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The phrases in their context!


The rule of right and wrong must help us to the knowledge of what is right or wrong in all possible cases; otherwise, the idea of obligation or duty would be utterly null, for we cannot have any obligation to that which we cannot know.
On the other hand, in our investigations of the phenomena of nature, much must remain uncertain, and many questions continue insoluble; because what we know of nature is far from being sufficient to explain all the phenomena that are presented to our observation.
Now the question is; "Whether there is in transcendental philosophy any question, relating to an object presented to pure reason, which is unanswerable by this reason; and whether we must regard the subject of the question as quite uncertain, so far as our knowledge extends, and must give it a place among those subjects, of which we have just so much conception as is sufficient to enable us to raise a question--faculty or materials failing us, however, when we attempt an answer.
the world
Now I maintain that, among all speculative cognition, the peculiarity of transcendental philosophy is that there is no question, relating to an object presented to pure reason, which is insoluble by this reason; and that the profession of unavoidable ignorance- the problem being alleged to be beyond the reach of our faculties- cannot free us from the obligation to present a complete and satisfactory answer.
For the very conception which enables us to raise the question must give us the power of answering it; inasmuch as the object, as in the case of right and wrong, is not to be discovered out of the conception.
But, in transcendental philosophy, it is only the cosmological questions to which we can demand a satisfactory answer in relation to the constitution of their object; and the philosopher is not permitted to avail himself of the pretext of necessary ignorance and impenetrable obscurity.
These questions relate solely to the cosmological ideas.
For the object must be given in experience, and the question relates to the adequateness of the object to an idea.
If the object is transcendental and therefore itself unknown; if the question, for example, is whether the object--the something, the phenomenon of which (internal--in ourselves) is thought--that is to say, the soul, is in itself a simple being; or whether there is a cause of all things, which is absolutely necessary--in such cases we are seeking for our idea an object, of which we may confess that it is unknown to us, though we must not on that account assert that it is impossible.* The cosmological ideas alone posses the peculiarity that we can presuppose the object of them and the empirical synthesis requisite for the conception of that object to be given; and the question, which arises from these ideas, relates merely to the progress of this synthesis, in so far as it must contain absolute totality--which, however, is not empirical, as it cannot be given in any experience.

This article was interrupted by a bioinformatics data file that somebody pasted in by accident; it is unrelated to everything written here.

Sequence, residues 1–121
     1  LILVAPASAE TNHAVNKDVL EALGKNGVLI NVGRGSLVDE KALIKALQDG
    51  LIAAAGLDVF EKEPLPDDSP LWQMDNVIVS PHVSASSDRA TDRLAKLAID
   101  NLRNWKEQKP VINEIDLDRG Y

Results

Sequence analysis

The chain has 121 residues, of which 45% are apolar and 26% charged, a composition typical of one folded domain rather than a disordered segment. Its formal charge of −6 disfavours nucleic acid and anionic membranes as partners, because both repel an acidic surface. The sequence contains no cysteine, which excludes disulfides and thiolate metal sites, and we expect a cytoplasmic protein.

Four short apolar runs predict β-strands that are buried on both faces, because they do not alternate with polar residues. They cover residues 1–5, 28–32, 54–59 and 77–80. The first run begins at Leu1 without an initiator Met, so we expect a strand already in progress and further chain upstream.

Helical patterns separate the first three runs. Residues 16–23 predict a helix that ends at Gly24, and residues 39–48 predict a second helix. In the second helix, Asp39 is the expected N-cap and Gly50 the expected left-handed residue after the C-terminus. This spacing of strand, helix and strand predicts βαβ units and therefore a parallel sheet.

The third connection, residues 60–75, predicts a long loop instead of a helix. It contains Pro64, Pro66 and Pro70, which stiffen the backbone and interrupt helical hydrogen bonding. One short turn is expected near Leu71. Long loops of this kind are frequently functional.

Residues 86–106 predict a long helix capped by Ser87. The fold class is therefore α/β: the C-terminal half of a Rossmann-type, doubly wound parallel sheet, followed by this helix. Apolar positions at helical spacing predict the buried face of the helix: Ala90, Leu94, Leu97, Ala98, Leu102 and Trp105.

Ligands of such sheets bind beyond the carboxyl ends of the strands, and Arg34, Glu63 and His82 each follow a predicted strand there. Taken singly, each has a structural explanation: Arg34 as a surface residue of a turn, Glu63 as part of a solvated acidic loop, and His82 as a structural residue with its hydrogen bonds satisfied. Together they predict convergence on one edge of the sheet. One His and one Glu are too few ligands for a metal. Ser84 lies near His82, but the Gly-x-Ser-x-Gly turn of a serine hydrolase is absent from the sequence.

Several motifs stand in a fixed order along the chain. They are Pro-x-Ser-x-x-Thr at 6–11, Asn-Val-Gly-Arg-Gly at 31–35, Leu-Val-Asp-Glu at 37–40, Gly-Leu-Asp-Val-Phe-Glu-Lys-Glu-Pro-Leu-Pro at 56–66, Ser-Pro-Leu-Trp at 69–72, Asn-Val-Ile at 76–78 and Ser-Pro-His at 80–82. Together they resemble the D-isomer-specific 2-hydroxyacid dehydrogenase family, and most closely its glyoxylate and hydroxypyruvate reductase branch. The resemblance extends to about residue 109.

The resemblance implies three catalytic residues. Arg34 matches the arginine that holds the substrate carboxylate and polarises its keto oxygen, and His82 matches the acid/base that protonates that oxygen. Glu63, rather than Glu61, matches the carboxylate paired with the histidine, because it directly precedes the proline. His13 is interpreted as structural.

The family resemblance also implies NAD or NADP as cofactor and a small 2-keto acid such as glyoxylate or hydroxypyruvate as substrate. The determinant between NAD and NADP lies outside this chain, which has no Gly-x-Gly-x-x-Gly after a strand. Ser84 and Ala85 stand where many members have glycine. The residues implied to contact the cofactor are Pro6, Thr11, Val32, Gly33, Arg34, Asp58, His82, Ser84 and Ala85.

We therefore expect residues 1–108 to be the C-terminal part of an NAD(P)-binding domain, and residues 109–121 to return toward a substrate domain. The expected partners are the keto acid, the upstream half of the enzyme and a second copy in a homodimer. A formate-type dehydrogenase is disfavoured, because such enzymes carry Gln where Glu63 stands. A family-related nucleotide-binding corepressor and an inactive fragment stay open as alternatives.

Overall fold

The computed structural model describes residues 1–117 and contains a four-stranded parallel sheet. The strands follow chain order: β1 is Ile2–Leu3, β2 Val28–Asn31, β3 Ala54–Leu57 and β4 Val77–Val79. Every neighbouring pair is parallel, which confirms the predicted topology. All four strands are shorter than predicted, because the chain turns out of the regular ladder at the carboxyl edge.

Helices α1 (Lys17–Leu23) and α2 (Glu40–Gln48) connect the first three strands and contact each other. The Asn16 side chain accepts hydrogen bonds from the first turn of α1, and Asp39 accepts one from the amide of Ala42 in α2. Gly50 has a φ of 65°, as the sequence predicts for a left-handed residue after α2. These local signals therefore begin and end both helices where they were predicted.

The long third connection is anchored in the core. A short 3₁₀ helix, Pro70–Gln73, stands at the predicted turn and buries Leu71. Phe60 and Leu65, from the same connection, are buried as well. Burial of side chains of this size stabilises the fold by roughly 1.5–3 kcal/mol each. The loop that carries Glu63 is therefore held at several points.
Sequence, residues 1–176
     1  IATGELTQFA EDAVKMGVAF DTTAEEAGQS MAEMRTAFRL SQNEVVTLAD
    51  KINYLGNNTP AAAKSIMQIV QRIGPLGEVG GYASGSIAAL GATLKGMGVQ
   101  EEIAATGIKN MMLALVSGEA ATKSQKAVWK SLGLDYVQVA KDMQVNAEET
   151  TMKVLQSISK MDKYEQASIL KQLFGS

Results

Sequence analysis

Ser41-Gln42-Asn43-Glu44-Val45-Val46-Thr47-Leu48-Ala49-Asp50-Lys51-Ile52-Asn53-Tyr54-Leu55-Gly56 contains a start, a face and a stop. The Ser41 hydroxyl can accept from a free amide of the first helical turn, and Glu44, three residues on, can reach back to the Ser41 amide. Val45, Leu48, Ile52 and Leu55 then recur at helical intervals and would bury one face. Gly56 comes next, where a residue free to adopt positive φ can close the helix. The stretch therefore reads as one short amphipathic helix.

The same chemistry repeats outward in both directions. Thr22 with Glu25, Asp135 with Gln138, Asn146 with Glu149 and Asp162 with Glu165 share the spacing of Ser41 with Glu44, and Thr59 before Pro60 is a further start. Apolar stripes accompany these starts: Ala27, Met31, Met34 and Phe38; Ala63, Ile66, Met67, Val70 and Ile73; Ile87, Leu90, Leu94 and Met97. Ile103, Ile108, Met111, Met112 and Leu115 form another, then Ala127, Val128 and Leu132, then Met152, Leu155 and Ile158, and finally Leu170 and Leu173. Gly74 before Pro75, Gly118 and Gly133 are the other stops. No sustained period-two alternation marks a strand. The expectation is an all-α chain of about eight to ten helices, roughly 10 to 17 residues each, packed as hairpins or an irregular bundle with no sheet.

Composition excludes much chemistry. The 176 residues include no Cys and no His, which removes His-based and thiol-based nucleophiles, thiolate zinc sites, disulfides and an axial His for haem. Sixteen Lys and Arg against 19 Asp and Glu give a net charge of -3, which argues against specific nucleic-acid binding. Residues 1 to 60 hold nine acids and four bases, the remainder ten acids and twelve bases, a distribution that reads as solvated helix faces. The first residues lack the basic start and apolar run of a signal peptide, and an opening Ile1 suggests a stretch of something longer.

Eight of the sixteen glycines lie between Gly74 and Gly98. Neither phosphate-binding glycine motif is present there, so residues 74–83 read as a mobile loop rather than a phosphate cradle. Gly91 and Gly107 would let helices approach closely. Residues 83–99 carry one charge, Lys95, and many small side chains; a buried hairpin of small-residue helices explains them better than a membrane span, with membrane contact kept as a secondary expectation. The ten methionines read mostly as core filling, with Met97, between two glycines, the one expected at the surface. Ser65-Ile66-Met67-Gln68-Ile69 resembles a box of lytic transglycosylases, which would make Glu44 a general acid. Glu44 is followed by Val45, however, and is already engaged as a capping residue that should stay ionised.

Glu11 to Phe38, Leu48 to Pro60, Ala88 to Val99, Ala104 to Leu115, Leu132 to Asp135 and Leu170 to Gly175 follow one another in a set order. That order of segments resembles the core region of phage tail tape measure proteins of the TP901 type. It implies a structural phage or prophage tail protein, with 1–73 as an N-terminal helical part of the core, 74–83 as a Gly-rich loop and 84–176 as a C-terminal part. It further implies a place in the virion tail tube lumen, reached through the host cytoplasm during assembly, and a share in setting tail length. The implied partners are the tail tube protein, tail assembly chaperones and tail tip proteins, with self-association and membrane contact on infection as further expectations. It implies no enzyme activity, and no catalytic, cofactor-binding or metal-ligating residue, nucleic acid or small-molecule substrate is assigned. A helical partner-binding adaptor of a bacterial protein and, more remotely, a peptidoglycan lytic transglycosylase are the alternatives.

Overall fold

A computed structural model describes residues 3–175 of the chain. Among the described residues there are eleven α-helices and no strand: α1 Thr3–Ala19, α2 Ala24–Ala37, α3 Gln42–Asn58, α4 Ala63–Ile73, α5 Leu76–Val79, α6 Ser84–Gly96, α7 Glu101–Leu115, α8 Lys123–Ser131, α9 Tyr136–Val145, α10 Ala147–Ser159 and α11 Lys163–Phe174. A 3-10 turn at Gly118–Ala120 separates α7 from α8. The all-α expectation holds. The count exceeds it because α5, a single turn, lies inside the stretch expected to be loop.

Now, as the question here is solely in regard to a thing as the object of a possible experience and not as a thing in itself, the answer to the transcendental cosmological question need not be sought out of the idea, for the question does not regard an object in itself.
The question in relation to a possible experience is not, "What can be given in an experience in concreto" but "what is contained in the idea, to which the empirical synthesis must approximate." The question must therefore be capable of solution from the idea alone.
For the idea is a creation of reason itself, which therefore cannot disclaim the obligation to answer or refer us to the unknown object.
[*Footnote; The question, "What is the constitution of a transcendental object?" is unanswerable--we are unable to say what it is; but we can perceive that the question itself is nothing; because it does not relate to any object that can be presented to us.
For this reason, we must consider all the questions raised in transcendental psychology as answerable and as really answered; for they relate to the transcendental subject of all internal phenomena, which is not itself phenomenon and consequently not given as an object, in which, moreover, none of the categories--and it is to them that the question is properly directed--find any conditions of its application.
Here, therefore, is a case where no answer is the only proper answer.
For a question regarding the constitution of a something which cannot be cogitated by any determined predicate, being completely beyond the sphere of objects and experience, is perfectly null and void.]
It is not so extraordinary, as it at first sight appears, that a science should demand and expect satisfactory answers to all the questions that may arise within its own sphere (questiones domesticae), although, up to a certain time, these answers may not have been discovered.
There are, in addition to transcendental philosophy, only two pure sciences of reason; the one with a speculative, the other with a practical content--pure mathematics and pure ethics.
Has any one ever heard it alleged that, from our complete and necessary ignorance of the conditions, it is uncertain what exact relation the diameter of a circle bears to the circle in rational or irrational numbers?
By the former the sum cannot be given exactly, by the latter only approximately; and therefore we decide that the impossibility of a solution of the question is evident.